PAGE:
Machan's Musings - Impossible Egalitarianism

removed's picture
Submitted by removed on Wed, 2006-03-29 00:59

Among my many acquaintances there are some avid egalitarians. Among these a few are very influential, a couple of them leaders in the global movement called “the capabilities approach.” They have written extremely well-published books and essays advocating global wealth redistribution. Some have even insisted that nearly all the resources possessed by those in developed countries need to be sent abroad to be used by the poor. As one has written, “On pain of living a life that's seriously immoral, a typical well-off person, like you and me, must give away most of her financially valuable assets, and much of her income, directing the funds to lessen efficiently the serious suffering of others.”

A small thing I have noticed, however, is that all of these individuals—some of them personally known to me and now and then in
contact with me and certain close friends of mine on various matters—have to be very selective about whom they will give their time to for discussions, correspondence, email exchanges, answering letters, and so forth. Very naturally, when these individuals are approached with the request, for example, to read some of their works or some other purpose, they simply lack the time to grant such requests. Indeed, in certain cases—when it comes to some of the more famous egalitarians among them—they will routinely ignore attempts to be contacted by most people seeking their attention. In short, these egalitarians are very selective indeed about whom they will grant some time from their busy schedule.

Of course, there are innumerable reasons for the selectivity with which these egalitarians allocate their precious time, depending upon various particulars hardly anyone can be expected to know, let alone evaluate. What is generally true, however, is that they all are—actually must be—very selective. There is simply no way they can grant everyone’s request who would like to take up their time.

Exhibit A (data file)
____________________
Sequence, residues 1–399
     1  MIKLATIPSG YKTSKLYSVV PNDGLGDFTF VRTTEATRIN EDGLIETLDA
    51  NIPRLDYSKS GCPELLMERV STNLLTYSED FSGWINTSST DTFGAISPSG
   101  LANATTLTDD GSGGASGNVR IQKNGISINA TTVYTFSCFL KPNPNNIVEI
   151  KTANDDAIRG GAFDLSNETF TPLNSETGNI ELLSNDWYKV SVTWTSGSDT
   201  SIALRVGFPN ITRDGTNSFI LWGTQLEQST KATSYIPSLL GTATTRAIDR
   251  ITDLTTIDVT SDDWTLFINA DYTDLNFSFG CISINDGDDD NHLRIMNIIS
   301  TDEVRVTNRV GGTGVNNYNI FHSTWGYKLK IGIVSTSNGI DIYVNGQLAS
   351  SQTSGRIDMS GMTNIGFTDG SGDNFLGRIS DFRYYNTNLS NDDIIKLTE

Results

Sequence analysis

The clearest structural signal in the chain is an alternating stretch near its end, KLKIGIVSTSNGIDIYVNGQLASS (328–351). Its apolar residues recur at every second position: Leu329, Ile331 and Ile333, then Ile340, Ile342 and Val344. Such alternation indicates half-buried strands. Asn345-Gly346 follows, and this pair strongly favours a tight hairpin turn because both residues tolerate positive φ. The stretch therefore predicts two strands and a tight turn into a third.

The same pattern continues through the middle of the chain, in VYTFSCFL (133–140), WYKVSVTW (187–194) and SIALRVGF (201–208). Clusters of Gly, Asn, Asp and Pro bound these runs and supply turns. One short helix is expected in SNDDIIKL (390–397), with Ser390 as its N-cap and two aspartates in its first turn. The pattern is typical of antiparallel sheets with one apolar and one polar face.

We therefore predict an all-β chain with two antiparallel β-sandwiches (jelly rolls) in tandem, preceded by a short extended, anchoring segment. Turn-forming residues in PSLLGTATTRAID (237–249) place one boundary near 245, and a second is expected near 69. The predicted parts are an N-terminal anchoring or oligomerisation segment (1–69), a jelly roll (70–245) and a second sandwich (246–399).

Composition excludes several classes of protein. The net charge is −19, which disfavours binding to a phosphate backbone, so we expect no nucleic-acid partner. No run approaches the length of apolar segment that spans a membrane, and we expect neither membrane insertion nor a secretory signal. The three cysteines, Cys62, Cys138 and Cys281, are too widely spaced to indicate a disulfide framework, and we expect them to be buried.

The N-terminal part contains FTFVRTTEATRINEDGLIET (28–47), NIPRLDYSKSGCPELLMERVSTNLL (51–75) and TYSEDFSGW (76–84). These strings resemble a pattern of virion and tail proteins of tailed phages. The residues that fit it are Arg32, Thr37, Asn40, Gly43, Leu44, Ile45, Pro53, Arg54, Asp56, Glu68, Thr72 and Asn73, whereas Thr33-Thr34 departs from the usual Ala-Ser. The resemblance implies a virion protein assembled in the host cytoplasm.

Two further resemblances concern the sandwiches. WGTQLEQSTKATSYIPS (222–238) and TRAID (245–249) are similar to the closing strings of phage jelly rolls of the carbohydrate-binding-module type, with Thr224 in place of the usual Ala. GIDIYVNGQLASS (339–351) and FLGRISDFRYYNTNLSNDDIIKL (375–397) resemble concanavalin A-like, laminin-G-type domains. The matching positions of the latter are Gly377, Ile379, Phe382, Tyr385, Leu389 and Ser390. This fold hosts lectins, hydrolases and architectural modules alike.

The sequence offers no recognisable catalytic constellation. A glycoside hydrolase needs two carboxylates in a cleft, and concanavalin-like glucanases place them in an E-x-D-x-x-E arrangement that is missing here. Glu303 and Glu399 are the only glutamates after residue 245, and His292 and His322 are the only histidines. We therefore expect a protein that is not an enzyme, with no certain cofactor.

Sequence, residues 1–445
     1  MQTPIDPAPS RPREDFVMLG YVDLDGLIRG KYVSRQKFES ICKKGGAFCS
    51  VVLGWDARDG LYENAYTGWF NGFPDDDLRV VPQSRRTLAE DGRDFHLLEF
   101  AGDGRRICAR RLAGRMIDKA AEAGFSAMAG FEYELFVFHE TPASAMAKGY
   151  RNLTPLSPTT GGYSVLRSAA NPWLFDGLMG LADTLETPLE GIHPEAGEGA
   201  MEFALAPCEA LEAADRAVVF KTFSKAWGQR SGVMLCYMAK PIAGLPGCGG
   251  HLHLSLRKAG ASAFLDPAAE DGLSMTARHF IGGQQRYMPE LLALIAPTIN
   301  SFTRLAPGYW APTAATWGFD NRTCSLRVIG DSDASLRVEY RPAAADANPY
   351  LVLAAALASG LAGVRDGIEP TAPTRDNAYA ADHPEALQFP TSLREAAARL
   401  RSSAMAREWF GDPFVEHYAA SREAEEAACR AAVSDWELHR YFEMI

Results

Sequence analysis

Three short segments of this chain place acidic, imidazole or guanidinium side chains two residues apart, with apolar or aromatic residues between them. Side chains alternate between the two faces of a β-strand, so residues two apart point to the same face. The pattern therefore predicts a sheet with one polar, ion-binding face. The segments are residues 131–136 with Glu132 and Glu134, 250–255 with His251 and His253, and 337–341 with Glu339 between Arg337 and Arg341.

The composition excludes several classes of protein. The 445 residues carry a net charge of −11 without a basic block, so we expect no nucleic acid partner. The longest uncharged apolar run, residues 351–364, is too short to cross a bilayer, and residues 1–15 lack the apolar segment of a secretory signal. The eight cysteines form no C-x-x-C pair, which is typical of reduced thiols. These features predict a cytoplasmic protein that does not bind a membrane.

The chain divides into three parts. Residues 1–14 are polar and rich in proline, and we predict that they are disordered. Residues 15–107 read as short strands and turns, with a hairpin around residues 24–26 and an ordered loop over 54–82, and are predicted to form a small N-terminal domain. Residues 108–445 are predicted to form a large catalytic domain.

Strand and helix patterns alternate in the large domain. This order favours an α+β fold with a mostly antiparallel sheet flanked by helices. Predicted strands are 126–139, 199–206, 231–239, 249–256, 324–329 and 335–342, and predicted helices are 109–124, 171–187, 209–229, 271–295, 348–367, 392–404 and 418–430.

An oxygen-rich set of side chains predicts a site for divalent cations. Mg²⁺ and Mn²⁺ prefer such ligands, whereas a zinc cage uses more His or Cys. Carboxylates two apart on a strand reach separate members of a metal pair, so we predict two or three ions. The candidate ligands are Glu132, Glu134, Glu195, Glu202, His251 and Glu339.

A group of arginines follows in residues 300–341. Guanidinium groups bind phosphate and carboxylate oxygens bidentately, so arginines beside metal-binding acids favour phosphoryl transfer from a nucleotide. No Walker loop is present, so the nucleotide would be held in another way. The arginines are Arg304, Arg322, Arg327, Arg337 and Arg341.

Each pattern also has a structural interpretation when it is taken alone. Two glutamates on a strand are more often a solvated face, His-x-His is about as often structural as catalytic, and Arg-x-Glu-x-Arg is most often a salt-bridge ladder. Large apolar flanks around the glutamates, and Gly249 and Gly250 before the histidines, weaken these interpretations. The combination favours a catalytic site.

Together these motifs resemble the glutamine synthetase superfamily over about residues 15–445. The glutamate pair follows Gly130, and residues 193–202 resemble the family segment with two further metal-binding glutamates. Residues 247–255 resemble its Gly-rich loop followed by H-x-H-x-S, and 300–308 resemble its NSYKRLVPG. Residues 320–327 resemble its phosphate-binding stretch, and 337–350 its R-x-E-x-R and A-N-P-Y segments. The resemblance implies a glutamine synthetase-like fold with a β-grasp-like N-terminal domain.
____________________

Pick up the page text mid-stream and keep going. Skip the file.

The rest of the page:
Celebrities are always confronted with this problem, even when they would otherwise wish to keep before the public eye, as it were. So they pick and choose from among the many reporters and photographers who ask for them. Famous people, who are invited for innumerable speaking engagements are in the same boat. And so are, of course, my egalitarian acquaintances.

Now I am not even talking about those people who have no interest at all in putting their egalitarian principles into practice. I recall once
asking John Kenneth Galbraith, at a Stanford University function, whether he has ever considered swapping his Harvard job with someone at a junior college just to make things a bit more equal. To which his response was to promptly turn and walk away. Here perhaps rank hypocrisy was at play. I am not talking of such cases. Rather I have in mind those when the avid defenders of egalitarianism simply cannot practice what they preach because, well, their resources—in these cases time—are scarce.

Fact is, this pretty much shows us that egalitarianism is impossible. There is no way to distribute equally among all the resources they all
need. There will always be some who are left in greater need than others. There will always be those whose needs are going to be less fulfilled than those of others, no matter how vital or urgent they are.

What egalitarians seem to neglect is that the distribution of all sought-after resources occurs best if they are in line with the choices of those who own those resources. It is their lives and works that are at issue, after all. And, of course, there will be many who will remain wanting, even if everyone is most heedful of what others want from them. That’s never going to go away. But in a free society, where resources are in the control of those who own them—whether because they have earned it, or they are fortunate, or have received them from others—at least the distribution will benefit from local knowledge and from the better or worse judgments of the owners.

What egalitarians are effectively insisting on, then, is not equal distribution of resources, since that’s flat out impossible. They are
insisting on doing all the wealth redistribution themselves, not those who own the resources.

So like it or not, egalitarianism is not about equal distribution but about who is to do the highly selective distribution that goes on all the
time. Judging by the egalitarians of my acquaintance—none of whom would tolerate other people ordering them to spend their time this way or that but insist on freely making their own selections and associations—egalitarians should accept their very own practice for all
the rest of us and respect everyone’s right to distribute resources according to his or her own judgment.

That’s what’s ultimately in dispute, not the impossible task of equal wealth—or time—distribution.


Tibor!

eg's picture

Three thumbs up! Brilliant!

--Brant

Magnificent

Pete L's picture

Clearly stated and irrefutable. Bravo!

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